U.S. stocks ended up sharply higher, led by shares of financial companies and technology shares as Wall Street followed Chinese equity markets higher
U.S. stocks finished sharply higher Monday, with the Nasdaq scoring a record close, as Wall Street followed surging Chinese equity benchmarks to their best levels in at least two years.
Monday’s upbeat market action contrasted with a further spike in U.S. coronavirus cases and a resurgence of business restrictions by state and local authorities struggling to contain the viral outbreak.
The Dow Jones Industrial Average DJIA, +1.78% gained 459.67 points, or 1.8%, to end at 26,287.03. The S&P 500 SPX, +1.58% climbed 49.71 points, or 1.6%, ending at 3,179.72 and booking five straight sessions of gains, its longest streak since Dec. 17, according to Dow Jones Market Data. The Nasdaq Composite Index COMP, +2.21% surged 226.02 points, or 2.2%, to 10,433.65, scoring a fresh closing record.
The Dow finished last week’s holiday-shortened period up 3.3%, the S&P 500 put in a weekly gain of 4%, while the Nasdaq returned 4.6%, after closing at a record on Thursday.
The U.S. market was closed on Friday in observance of the Independence Day holiday.
U.S. stocks ended up sharply Monday, led by shares of financial companies and record-setting technology shares as Wall Street followed Chinese equity markets higher.
Goldman Sachs Group Inc. GS, +5.04% share advanced 5.1%, leading the blue-chip Dow higher, along with Boeing Co. BA, +3.92% and Walgreens Boots Alliance Inc. WBA, +2.81%.
But Monday’s gains also came with growing doubts about the ability of the U.S. to contain the viral outbreak and its economic fallout, after COVID-19 cases climbed across the U.S. over the Fourth of July weekend.
This is potentially setting the U.S. on a very different activity restart path than most Western countries and much of Asia, warned a BlackRock Investment Institute team led by Mike Pyle, global chief investment strategist, in a note Monday.
The BlackRock team lauded the coordinated U.S. fiscal and monetary response in March, but they also warned that the “resurgence of the virus is taking place just as Congress and the White House face a critical decision over whether to extend a number of crisis measures, including additional federal unemployment benefits set to expire at the end of July.”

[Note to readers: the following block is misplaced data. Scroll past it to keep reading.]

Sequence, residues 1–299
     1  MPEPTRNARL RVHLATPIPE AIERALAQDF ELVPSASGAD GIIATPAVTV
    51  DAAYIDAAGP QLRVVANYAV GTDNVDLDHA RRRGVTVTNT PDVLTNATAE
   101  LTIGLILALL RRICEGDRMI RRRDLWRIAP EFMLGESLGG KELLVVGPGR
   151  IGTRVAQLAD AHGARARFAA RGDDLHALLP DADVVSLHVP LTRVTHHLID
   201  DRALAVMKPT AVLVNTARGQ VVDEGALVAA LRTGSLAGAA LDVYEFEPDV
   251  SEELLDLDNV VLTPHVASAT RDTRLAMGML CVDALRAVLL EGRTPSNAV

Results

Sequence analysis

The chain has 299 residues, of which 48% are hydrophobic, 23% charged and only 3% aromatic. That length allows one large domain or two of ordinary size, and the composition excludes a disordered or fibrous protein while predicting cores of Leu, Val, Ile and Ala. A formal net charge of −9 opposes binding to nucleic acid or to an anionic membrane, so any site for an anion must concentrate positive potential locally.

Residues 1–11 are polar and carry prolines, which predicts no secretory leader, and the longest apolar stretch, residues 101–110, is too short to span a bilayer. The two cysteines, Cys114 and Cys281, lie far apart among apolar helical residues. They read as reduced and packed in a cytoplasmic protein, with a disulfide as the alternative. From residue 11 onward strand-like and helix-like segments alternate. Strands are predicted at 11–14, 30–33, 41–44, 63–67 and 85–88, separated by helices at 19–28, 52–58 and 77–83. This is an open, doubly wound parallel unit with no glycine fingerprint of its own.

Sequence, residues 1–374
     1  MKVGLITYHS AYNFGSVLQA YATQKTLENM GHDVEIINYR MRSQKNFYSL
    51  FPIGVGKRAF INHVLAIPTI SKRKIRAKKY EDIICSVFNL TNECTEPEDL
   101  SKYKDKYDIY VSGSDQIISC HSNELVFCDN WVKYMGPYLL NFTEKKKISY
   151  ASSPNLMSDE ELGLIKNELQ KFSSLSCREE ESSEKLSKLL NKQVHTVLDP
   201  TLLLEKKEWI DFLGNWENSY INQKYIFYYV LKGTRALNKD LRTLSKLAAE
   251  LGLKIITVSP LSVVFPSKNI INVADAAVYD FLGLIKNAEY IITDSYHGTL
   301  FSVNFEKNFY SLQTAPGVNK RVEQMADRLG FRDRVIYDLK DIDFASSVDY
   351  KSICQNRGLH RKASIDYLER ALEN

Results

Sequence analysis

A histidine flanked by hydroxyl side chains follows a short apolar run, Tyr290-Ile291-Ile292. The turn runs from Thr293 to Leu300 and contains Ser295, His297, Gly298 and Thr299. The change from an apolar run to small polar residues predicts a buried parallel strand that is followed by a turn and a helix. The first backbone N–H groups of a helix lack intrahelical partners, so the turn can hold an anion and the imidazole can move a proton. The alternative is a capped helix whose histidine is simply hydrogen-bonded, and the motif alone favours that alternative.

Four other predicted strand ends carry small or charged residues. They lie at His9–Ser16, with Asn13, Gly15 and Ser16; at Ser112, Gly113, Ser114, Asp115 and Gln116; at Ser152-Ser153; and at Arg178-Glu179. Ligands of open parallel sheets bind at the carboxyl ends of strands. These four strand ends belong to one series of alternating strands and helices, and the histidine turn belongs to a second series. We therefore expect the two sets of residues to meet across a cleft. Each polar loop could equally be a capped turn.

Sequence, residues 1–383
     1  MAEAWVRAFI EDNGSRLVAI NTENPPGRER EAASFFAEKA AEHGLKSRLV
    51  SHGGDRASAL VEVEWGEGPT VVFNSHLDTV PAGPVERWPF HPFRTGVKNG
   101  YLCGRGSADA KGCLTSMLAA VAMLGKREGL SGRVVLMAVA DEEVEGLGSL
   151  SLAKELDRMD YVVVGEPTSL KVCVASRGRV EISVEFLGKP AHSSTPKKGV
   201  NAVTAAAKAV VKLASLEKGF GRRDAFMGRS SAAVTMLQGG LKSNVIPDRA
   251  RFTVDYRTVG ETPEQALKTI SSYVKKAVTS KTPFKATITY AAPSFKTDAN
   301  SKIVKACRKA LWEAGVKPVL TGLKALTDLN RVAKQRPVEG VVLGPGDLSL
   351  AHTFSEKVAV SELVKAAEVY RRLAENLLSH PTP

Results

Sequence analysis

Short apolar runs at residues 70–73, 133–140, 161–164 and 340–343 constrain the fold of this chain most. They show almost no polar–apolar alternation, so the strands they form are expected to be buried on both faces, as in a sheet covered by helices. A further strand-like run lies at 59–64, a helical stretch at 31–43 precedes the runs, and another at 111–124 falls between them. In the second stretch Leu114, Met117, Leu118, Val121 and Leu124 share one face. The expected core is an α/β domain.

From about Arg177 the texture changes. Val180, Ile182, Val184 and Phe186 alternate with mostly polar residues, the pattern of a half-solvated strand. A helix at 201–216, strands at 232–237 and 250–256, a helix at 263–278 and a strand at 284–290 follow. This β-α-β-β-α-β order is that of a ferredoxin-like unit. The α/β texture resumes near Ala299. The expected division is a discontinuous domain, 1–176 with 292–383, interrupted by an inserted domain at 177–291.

Kristina Hooper, Invesco’s chief global market strategist, also warned that recent improvements on the U.S. jobless front and surprisingly better economic data could be derailed in the coming months if policy makers become complacent in their response to rising COVID-19 infections.
In my view, more fiscal stimulus is clearly needed as so much of the stimulus already enacted is very temporary in nature, Hooper wrote in a client note. In addition, we are seeing a growing number of companies announce layoffs and file for bankruptcies while others are voluntarily re-closing stores.
Thousands of retail shops and bars and restaurants are closing, or soon will be, after the coronavirus pandemic stopped the flow of traffic and crashed sales and revenues and tipped many businesses into financial bankruptcy and, yet, purchasing managers say the outlook for the service sector is looking up, said Chris Rupkey, chief financial economist for MUFG.
Market bulls have been attributing rising stocks to optimism around a sharp, or V-shaped, economic recovery in the U.S., as well as Asia, in no small part due to global fiscal and monetary stimulus that helped markets recover from the depths of their mid-March selloff.
Beyond the rise in U.S. infections, optimism reflected in equities on Monday also comes despite economists at Goldman Sachs lowering their already downbeat forecast for U.S. domestic growth in 2020 to negative 4.6%, from a previous forecast for a 4.2% drop, pointing to the reimposition of COVID-19 restrictions on business activity. For 2021, the bank is sticking to its forecast for growth to rebound 5.8%.
In Asian hours Monday, Chinese shares jumped, with the flagship Shanghai Composite SHCOMP, 1.51% finishing up 5.7%, to the highest level since 2018 and the CSI 300 Index 000300, 1.95% booking a similar return, after a front-page editorial in state-owned paper, China Securities Journal, said fostering a “healthy bull market” is important, according to a translation.
The move higher in stocks came as China continued to fend off sanctions and criticism about its decision to impose a national-security law in Hong Kong, a crackdown that has drawn the rebuke of several countries, including the U.S. and Canada.
West Texas Intermediate U.S. crude CLQ20, -1.23% for August delivery fell only 2 cents, or 0.05%, to settle at $40.63 a barrel, on the New York Mercantile Exchange. In precious metals, August gold futures GCQ20, 0.06% rose $3.50, or 0.2%, to close at $1,793.50 an ounce.
The 10-year Treasury note yield, 0.674% was up 1.3 basis points at 0.683%. Bond prices move inversely to yields.
The greenback fell 0.4% against a basket of its major rivals, based on trading in the ICE U.S. Dollar Index. DXY, 0.12%
In European equities, the Stoxx Europe 600 index SXXP, +1.58% closed up 1.6%, and London’s FTSE 100 UKX, +2.08% climbed 2.1%.